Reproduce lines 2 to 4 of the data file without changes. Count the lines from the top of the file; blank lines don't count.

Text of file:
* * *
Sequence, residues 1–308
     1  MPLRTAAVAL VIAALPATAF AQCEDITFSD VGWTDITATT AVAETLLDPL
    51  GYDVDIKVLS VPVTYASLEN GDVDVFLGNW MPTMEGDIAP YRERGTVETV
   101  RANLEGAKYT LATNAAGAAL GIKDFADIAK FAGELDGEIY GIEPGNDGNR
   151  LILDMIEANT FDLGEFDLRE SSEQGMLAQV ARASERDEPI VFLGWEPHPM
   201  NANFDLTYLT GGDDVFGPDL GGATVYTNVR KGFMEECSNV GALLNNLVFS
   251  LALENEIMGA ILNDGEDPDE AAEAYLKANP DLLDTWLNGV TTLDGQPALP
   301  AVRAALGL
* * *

     1  MPLRTAAVAL VIAALPATAF AQCEDITFSD VGWTDITATT AVAETLLDPL
    51  GYDVDIKVLS VPVTYASLEN GDVDVFLGNW MPTMEGDIAP YRERGTVETV
   101  RANLEGAKYT LATNAAGAAL GIKDFADIAK FAGELDGEIY GIEPGNDGNR